The Lost Equilibrium: International Relations in the Post-Soviet Era

By Bettie M. Smolansky; Oles M. Smolansky | Go to book overview

Russia and Northeast Asia

CHARLES E. ZIEGLER

RUSSIA AND THE COUNTRIES OF NORTHEAST ASIA ARE EXPERIENCING internal transformations and shifting international alignments that make the future of the Asia-Pacific region highly uncertain. Moscow’s approaches to Northeast Asia have been influenced by domestic political infighting, economic crisis, regional separatism, and the severe deterioration of the military. The Asian economic crisis of 1997–98, North Korea’s continued development of ballistic missile capabilities, China-Taiwan tensions, plans by the United states and its allies to deploy a theater missile defense in the region, Japan’s persistent economic troubles, and the collapse of the suharto regime in indonesia have altered the region’s strategic calculus.

This paper analyzes the impact of the Soviet breakup on the regional power balance in the Asia-Pacific and on Russia’s foreign policy identity; discusses Moscow’s political, economic, and security ties with the major Northeast Asian nations; and makes some general observations on the implications of changes in Asia for Russian and American security interests.

Three themes emerge from this analysis. First, a more nationalist Russia is seeking to reestablish its influence as a respected great power in the Asia-Pacific. This process began under Boris Yeltsin and has been reaffirmed by Vladimir Putin. Russia’s limited economic and military capabilities, and its ongoing political crisis, make it very unlikely that the Russian Federation will acquire the great power status it seeks. second, policies formulated in Moscow toward Northeast Asia are increasingly at odds with eastern Russia’s regional interests and priorities. Russia’s peculiar form of federalism has introduced a new dynamic into regional politics. Third, while the united states and Russia have similar interests in stabilizing the region, the two differ substantially over China, East Asia’s ascendant power. While both have sought a strategic partnership with Beijing, neither has managed to craft a successful long-term China policy.

-168-

Notes for this page

Add a new note
If you are trying to select text to create highlights or citations, remember that you must now click or tap on the first word, and then click or tap on the last word.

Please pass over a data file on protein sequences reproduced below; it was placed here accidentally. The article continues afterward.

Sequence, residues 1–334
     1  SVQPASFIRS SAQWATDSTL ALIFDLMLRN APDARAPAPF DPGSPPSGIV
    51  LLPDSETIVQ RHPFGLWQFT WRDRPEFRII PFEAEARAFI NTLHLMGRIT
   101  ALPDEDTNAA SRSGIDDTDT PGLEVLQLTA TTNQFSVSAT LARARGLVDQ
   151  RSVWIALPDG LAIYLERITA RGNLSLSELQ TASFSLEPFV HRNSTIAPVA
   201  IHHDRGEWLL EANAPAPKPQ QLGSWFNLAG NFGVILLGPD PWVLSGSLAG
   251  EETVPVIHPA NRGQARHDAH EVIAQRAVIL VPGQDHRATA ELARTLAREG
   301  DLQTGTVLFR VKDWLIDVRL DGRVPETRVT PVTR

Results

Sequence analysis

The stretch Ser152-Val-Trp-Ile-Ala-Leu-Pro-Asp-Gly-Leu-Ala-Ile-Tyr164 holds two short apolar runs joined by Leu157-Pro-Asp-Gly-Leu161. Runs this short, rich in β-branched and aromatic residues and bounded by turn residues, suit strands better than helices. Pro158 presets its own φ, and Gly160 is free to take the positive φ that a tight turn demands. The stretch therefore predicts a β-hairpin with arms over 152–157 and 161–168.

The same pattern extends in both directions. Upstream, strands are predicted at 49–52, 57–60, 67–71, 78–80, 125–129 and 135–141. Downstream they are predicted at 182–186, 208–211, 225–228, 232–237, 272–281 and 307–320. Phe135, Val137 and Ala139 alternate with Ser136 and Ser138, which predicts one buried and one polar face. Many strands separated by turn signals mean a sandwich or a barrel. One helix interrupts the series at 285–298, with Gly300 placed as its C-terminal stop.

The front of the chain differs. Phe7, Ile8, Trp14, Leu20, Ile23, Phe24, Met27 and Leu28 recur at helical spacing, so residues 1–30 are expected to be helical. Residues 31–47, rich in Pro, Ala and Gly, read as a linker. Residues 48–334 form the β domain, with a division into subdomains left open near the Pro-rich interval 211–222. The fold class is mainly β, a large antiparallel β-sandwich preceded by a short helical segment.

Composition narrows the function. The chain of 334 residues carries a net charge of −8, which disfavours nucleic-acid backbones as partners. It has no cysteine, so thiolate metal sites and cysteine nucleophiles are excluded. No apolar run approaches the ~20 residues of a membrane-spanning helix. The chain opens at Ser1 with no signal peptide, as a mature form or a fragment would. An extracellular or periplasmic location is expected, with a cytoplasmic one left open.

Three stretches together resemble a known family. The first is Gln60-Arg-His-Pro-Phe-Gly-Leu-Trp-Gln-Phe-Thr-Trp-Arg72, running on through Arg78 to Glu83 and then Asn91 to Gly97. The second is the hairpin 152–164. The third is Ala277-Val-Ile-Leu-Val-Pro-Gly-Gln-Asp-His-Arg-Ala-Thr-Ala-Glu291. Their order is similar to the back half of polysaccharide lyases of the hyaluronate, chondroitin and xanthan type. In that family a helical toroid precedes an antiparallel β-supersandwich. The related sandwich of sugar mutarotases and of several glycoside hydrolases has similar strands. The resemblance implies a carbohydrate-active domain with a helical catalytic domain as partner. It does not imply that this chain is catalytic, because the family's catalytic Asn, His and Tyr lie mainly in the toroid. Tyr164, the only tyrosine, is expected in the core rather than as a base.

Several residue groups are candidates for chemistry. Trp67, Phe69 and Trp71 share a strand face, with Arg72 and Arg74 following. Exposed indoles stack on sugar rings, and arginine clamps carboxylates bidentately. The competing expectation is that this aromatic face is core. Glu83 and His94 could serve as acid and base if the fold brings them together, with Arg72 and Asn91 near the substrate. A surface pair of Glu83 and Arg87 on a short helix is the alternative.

One moment ...
Default project is now your active project.
Project items

Items saved from this book

This book has been saved
Highlights (0)
Some of your highlights are legacy items.

Highlights saved before July 30, 2012 will not be displayed on their respective source pages.

You can easily re-create the highlights by opening the book page or article, selecting the text, and clicking “Highlight.”

Citations (0)
Some of your citations are legacy items.

Any citation created before July 30, 2012 will labeled as a “Cited page.” New citations will be saved as cited passages, pages or articles.

We also added the ability to view new citations from your projects or the book or article where you created them.

Notes (0)
Bookmarks (0)

You have no saved items from this book

Project items include:
  • Saved book/article
  • Highlights
  • Quotes/citations
  • Notes
  • Bookmarks
Notes
Cite this page

Cited page

Style
Citations are available only to our active members.
Buy instant access to cite pages or passages in MLA, APA and Chicago citation styles.

(Einhorn, 1992, p. 25)

(Einhorn 25)

1. Lois J. Einhorn, Abraham Lincoln, the Orator: Penetrating the Lincoln Legend (Westport, CT: Greenwood Press, 1992), 25, http://www.questia.com/read/27419298.

Cited page

Bookmark this page
The Lost Equilibrium: International Relations in the Post-Soviet Era
Table of contents

Table of contents

Settings

Settings

Typeface
Text size Smaller Larger Reset View mode
Search within

Search within this book

Look up

Look up a word

  • Dictionary
  • Thesaurus
Please submit a word or phrase above.
Print this page

Print this page

Why can't I print more than one page at a time?

Help
Full screen
/ 393

matching results for page

    Questia reader help

    How to highlight and cite specific passages

    1. Click or tap the first word you want to select.
    2. Click or tap the last word you want to select, and you’ll see everything in between get selected.
    3. You’ll then get a menu of options like creating a highlight or a citation from that passage of text.

    OK, got it!

    Cited passage

    Style
    Citations are available only to our active members.
    Buy instant access to cite pages or passages in MLA, APA and Chicago citation styles.

    "Portraying himself as an honest, ordinary person helped Lincoln identify with his audiences." (Einhorn, 1992, p. 25).

    "Portraying himself as an honest, ordinary person helped Lincoln identify with his audiences." (Einhorn 25)

    "Portraying himself as an honest, ordinary person helped Lincoln identify with his audiences."1

    1. Lois J. Einhorn, Abraham Lincoln, the Orator: Penetrating the Lincoln Legend (Westport, CT: Greenwood Press, 1992), 25, http://www.questia.com/read/27419298.

    Cited passage

    Thanks for trying Questia!

    Please continue trying out our research tools, but please note, full functionality is available only to our active members.

    Your work will be lost once you leave this Web page.

    Buy instant access to save your work.

    Already a member? Log in now.

    Author Advanced search

    Oops!

    An unknown error has occurred. Please click the button below to reload the page. If the problem persists, please try again in a little while.